Stabilitrak integrates the car’s antilock braking and traction control systems with yaw control, helping the driver to steer straight when rain, ice or snow make for slippery conditions. Disc brakes with vented rotors front and rear allow the car to stop hard when necessary, regardless of the weather. The variable assist steering produces the right amount of steering effort at a variety of speeds, with a good on-center feel.

    Visibility to the front and rear of the car is good. The side mirrors don’t do a particularly good job of picking up cars passing to either side. I had to look both ways before making lane changes to make sure there weren’t cars in my blind spots.

    The HID headlamps on the option upgrade swivel at night to light corners in the road. They can move up to five degrees inboard and fifteen degrees outboard, making it easier to see pedestrians who might not be in the beam of a conventional headlamp.

    Navigation with travel alerts

    Graphics on the navigation screen are easy to follow, and include information about exit ramps, points of interest, real-time traffic and road construction alerts. There are audible alerts about detours. I was surprised to see the system pick up on a construction project that had just begun the evening before our trip.

    The pop-up screen is visible from both front seating positions, and surprisingly, doesn’t interfere with the driver’s forward view. 

    The Bose 5.1 surround sound system is state of the art: MP3 and iPod compatible, with a hard drive for downloading CD tracks and buffering the car radio. The driver can pause a live broadcast for up to an hour, and replay it uninterrupted.

    Both front seats have ten-way power adjustments with lumbar support, seat heaters and coolers. I remember the mushy upholstery on Cadillacs in the mid-1990s: my lower back was grateful for the ergonomic upgrade.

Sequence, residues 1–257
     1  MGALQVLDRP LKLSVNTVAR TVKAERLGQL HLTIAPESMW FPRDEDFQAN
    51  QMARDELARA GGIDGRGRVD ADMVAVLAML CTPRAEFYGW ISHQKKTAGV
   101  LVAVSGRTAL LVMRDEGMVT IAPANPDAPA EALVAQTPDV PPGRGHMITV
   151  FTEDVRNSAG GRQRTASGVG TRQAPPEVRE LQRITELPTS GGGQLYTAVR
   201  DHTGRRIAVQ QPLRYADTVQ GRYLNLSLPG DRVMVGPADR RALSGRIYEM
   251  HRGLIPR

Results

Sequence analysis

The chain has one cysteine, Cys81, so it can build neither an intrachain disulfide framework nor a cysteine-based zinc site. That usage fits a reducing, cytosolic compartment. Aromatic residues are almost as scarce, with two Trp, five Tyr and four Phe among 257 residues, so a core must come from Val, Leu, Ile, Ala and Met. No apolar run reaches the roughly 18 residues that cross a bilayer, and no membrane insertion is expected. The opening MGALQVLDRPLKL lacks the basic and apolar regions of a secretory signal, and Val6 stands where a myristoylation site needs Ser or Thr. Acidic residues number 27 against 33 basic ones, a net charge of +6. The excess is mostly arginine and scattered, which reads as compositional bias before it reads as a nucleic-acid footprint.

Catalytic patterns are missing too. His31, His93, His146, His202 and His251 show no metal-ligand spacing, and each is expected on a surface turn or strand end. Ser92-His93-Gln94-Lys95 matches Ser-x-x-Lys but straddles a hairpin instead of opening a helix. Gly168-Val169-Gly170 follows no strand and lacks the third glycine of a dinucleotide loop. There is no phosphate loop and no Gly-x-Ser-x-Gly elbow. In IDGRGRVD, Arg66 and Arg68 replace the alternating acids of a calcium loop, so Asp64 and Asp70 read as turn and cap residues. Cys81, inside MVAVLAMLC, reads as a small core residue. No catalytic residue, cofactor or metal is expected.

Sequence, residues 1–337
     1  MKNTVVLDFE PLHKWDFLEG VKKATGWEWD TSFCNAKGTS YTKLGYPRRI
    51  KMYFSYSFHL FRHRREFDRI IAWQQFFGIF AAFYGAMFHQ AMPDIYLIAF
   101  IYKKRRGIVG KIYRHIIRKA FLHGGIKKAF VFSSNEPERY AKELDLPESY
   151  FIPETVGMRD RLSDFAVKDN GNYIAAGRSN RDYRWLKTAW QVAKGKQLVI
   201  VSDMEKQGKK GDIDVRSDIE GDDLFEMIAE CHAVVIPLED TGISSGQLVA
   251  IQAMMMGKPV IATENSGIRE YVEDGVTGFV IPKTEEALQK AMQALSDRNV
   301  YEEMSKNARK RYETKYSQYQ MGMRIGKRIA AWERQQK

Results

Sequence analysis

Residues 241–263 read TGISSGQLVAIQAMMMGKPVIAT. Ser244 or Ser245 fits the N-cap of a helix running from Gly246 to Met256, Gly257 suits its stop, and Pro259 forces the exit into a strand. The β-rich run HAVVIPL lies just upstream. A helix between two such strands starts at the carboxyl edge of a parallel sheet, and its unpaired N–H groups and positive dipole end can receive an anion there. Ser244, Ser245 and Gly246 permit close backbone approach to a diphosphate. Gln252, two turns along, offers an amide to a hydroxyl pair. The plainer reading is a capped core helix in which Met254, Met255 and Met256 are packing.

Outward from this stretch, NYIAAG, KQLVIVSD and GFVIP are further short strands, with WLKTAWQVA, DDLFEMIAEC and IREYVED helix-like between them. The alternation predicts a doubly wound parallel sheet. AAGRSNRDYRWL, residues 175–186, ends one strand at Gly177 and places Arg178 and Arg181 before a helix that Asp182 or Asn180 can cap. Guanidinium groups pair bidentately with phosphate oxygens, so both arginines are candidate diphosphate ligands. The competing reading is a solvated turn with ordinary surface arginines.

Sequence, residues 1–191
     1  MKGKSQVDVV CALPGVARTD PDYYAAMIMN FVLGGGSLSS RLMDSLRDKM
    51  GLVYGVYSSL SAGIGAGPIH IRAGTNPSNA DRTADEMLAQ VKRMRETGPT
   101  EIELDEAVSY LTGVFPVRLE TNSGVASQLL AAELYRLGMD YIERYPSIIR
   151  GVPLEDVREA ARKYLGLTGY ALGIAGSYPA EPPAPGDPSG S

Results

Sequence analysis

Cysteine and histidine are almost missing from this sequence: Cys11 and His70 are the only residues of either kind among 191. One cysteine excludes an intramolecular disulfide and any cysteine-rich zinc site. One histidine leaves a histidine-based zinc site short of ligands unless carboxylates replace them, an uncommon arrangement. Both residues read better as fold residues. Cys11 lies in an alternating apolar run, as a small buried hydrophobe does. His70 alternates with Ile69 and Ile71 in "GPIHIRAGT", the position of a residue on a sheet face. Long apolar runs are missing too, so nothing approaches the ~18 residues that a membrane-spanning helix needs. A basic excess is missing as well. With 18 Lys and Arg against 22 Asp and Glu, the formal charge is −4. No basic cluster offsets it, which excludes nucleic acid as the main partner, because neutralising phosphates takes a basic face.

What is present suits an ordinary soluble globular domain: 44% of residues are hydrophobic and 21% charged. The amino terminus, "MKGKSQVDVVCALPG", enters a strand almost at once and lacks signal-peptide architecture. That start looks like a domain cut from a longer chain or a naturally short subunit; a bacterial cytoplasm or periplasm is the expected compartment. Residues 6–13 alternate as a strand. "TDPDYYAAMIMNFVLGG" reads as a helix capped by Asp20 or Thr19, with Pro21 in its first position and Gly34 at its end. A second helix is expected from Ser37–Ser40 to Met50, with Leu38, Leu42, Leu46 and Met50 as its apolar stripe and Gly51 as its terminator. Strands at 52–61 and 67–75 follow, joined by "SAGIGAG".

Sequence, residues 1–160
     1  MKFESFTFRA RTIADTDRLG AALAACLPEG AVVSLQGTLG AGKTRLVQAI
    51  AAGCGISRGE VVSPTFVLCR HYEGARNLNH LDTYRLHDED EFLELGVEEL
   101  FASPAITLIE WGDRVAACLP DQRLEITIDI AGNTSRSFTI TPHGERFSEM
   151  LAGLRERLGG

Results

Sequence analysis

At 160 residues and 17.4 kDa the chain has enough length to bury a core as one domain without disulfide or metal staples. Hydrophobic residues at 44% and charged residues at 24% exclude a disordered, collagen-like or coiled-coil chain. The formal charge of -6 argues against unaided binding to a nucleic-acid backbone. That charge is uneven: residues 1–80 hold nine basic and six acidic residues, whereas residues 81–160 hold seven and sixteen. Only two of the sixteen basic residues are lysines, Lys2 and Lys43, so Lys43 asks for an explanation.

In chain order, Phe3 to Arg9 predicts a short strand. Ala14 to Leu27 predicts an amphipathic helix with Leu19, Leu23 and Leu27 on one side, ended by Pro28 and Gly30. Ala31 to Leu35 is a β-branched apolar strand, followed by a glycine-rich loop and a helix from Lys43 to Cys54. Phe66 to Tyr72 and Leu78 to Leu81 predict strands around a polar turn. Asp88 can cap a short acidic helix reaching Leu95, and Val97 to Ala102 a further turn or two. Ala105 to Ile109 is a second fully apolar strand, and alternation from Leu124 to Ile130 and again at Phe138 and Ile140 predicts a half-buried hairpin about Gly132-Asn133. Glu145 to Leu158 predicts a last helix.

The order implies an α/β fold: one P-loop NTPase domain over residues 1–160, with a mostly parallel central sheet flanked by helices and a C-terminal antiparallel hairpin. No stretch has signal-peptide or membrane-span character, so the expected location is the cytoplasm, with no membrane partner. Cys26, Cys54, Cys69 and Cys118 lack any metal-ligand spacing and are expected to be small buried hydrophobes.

Keyless start allows the driver to enter and start the car without digging for the keys. The key fob can start the car as far as 200 feet away, activate the climate control, seat heaters and coolers.

    Spacious trunk

    The trunk is spacious enough to hold a week’s worth of groceries, luggage or a couple of golf bags. It isn’t big enough for a bicycle, but it is long and deep enough to hold a couple of large cartons.

    Standard safety

    All models come with front, side and side curtain airbags, daytime running lamps, antilock brakes, traction and stability control, a tire pressure monitoring system, and a one-year subscription to OnStar. The base model comes with a tire sealant and inflator kit in place of a spare tire. A compact spare tire is a $250 option.

    The Cadillac CTS is built at GM’s Lansing, Michigan assembly plant. The sport sedan that debuted in August of last year is currently available for test drives at Cadillac dealerships nationwide.

    Likes: Exceptional on-road performance, with excellent steering response, firm linear braking, and road feel. The direct injection V6 engine has the power of a larger block, but much better fuel economy. It’s impressive that the high-compression engine can run on 87 octane gas.

    Dislikes: Side mirrors do not do an adequate job of compensating for blind spots. A spare tire should be standard on all models.

    Quick facts:

    Make: Cadillac
    Model: CTS V6 DI Performance Sedan
    Year: 2008
    Base price: $34,545
    As tested: $46,440
    Horsepower: 304 Hp @ 6300 rpm
    Torque: 273 lbs.-ft. @ 5200 rpm
    Zero-to-sixty: 5.9 seconds
    Antilock brakes: Standard
    Side curtain airbags: Standard
    First aid kit: N/A
    Bicycle friendly: No
    Off-road: No
    Towing: No
    Comments: Base price does not include a $745 destination charge.